ConocoPhillips Moves a Step Closer to Its Strategic Goal

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The shale plays of the U.S. are playing a bigger role day by day in the world oil and natural gas market. The advent of new technologies has not only opened up new avenues of growth for the country, but has also compelled oil and natural gas companies to shift their focus on the U.S. shale plays. The recent sale of Clyden oil sands leasehold by ConocoPhillips (NYSE: COP) is a perfect example of this trend.

The deal

ConocoPhillips has declared that it has reached a deal to sell 226,000 acres of undeveloped land in Clyden, near the southern edge of the Athabasca oil sands. ConocoPhillips holds roughly 1.1 million net acres of land in the Athabasca. The area is touted to contain 16 billion barrels equivalent of crude, making ConocoPhillips one of the major players of the area. Exxon Mobil (NYSE: XOM) will have a stake of 72.5% of the total sold area while the rest will be held by Imperial Oil (NYSEMKT: IMO).

The investment in Clyden oil sands is Exxon’s second in Canada within a year. Exxon has already invested about $3.1 billion in October in securing oil sands acreage from Canadian oil and gas producer Celtic Exploration. The company, facing a decline in production in conventional oil fields, has been expanding its presence in oil sands and other unconventional oil plays. As Canada is expected to double its oil production by 2030, acreage in the country fits perfectly into Exxon’s strategic goal of warding off declining production.

Imperial Oil is also gearing up to increase its production in the oil sand area of Canada. The current acquisition fits perfectly into Imperial’s growth strategy in the oil sands, where it has already started production in its Kearl project in Alberta, which is scheduled to produce 110,000 barrels a day by the end of the year. The company reported a profit of $327 million in the second quarter of 2013 compared with $635 million for the same period in 2012.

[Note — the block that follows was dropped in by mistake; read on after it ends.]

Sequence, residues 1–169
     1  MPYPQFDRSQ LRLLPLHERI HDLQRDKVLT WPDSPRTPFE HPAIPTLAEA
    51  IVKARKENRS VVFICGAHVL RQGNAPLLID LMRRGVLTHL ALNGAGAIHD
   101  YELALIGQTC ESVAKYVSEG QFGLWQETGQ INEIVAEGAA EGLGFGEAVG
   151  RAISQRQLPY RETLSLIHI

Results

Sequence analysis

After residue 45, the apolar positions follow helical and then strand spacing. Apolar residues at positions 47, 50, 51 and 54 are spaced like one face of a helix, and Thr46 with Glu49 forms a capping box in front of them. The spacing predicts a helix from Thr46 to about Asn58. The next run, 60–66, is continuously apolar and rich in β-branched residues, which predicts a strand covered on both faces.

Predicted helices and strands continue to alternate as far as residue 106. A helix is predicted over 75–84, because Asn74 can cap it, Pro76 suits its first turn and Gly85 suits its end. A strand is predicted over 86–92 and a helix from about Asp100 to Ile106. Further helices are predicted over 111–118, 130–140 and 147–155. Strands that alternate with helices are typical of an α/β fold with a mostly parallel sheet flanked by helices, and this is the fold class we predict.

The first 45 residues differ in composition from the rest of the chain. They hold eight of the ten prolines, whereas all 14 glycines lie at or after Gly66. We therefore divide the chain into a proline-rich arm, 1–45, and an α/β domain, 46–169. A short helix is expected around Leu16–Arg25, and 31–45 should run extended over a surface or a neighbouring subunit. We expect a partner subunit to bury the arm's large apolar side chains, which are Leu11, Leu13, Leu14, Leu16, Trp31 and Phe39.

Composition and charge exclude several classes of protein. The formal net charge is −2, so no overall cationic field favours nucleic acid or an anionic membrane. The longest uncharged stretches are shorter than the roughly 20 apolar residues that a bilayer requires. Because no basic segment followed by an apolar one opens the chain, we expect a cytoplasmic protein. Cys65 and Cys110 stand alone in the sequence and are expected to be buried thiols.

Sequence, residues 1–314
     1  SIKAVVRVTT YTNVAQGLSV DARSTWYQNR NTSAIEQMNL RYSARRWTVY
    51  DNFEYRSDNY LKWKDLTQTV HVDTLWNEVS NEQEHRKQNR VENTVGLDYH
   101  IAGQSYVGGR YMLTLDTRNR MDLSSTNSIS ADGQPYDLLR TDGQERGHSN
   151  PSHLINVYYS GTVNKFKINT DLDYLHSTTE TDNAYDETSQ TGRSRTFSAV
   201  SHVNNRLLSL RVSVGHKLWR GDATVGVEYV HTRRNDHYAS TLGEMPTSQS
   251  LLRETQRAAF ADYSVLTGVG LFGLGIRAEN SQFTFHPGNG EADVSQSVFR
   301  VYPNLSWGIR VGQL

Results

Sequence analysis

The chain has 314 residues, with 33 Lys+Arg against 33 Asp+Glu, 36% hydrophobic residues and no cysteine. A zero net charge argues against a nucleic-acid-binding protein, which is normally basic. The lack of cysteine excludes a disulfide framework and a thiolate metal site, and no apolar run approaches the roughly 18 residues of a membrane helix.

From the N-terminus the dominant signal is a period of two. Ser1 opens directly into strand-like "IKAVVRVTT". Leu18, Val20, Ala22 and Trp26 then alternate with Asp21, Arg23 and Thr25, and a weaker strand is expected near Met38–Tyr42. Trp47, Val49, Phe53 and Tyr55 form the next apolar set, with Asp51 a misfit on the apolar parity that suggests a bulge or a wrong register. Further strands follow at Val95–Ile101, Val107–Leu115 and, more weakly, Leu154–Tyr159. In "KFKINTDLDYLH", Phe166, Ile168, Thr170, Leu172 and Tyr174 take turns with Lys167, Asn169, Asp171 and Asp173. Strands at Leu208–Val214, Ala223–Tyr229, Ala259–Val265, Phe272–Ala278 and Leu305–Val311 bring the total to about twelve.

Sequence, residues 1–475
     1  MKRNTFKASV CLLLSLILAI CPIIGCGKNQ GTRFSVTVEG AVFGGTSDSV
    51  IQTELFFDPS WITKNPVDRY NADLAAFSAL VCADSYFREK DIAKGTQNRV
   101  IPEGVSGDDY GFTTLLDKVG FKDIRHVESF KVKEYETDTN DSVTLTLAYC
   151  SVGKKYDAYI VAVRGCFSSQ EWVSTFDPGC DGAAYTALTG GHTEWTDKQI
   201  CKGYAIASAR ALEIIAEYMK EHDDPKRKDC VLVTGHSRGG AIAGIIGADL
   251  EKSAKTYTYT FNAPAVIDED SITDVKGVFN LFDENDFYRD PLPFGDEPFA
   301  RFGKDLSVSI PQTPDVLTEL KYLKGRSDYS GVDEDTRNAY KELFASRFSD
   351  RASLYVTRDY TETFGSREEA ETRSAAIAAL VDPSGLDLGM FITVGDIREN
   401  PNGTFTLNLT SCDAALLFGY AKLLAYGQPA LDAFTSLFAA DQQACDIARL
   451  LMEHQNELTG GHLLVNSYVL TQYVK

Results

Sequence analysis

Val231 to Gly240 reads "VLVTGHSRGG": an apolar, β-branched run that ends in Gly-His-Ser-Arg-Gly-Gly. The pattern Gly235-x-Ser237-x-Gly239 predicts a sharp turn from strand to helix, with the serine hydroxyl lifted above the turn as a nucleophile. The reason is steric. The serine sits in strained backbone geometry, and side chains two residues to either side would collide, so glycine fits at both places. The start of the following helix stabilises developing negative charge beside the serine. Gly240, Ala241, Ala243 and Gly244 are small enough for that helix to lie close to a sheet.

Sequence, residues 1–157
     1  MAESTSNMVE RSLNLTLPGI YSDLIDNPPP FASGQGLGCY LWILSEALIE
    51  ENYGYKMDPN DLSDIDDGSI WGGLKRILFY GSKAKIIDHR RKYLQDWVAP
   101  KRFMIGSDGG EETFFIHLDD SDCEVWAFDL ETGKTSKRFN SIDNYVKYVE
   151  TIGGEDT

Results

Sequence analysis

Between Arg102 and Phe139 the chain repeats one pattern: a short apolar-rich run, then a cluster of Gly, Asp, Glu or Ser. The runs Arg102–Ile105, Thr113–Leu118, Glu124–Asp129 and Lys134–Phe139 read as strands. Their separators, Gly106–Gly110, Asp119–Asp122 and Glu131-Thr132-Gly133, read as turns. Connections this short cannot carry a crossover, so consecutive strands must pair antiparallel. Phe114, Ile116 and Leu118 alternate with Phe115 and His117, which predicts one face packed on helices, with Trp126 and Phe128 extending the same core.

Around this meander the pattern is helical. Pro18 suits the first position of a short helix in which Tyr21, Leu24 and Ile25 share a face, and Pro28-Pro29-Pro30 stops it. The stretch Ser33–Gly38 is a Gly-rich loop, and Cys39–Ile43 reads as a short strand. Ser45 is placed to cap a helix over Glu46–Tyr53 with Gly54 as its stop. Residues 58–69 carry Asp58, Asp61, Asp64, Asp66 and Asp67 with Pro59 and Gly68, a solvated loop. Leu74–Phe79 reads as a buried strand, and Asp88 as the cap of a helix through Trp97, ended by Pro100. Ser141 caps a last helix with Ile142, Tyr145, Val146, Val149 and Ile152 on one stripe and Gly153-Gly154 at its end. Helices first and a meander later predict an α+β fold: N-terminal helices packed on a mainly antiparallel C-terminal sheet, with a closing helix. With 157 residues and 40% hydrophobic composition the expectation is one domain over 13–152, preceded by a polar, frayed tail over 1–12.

But a dearth of presence of pipelines to connect the crude oil produced to the refineries has acted as a barrier in the growth of oil production from the area. This justifies Conoco’s shedding of assets in the area to concentrate on the shale plays in the U.S.

Conoco’s strategic fit

The shale plays in the U.S. present great opportunities for the oil and natural gas companies operating in the country. Since 2005, after the net import of oil reached its peak, there has been a gradual decrease of net oil import in the U.S. with increasing domestic output. According to EIA, the U.S. is the largest consumer of petroleum products, consuming 18.6 million barrels per day during 2012. Out of the total consumption, 40% is imported and the share is expected to decline in the coming years due to the increasing production from the shale plays.

U.S. proved oil and natural gas reserve has posted a significant increase recently after years of decline thanks to the advent of newer technologies like horizontal drilling and hydraulic fracturing. Proved reserves for crude oil registered an increase of 15% in 2011, while proved reserves of natural gas registered an increase of around 10%. This huge increase in proved reserves only strengthens the production potential of the country in the coming years, and ConocoPhillips does not want to miss out on the opportunity. The company is doing away with its less profitable assets to invest in the more profitable unconventional shale plays. ConocoPhillips has planned to sell off $13.5 billion of assets in 2013, and had already sold $3.8 billion by the end of June through asset sales.

Foolish bottom line

ConocoPhillips is setting up the base to tap the huge opportunity that the U.S. offers to the oil and natural gas companies. ConocoPhillips’ strategy to shed less profitable assets to concentrate on the shale plays is expected to pay dividends in the future as new sources of reserves are discovered in the U.S. The stock is worth keeping an eye on.

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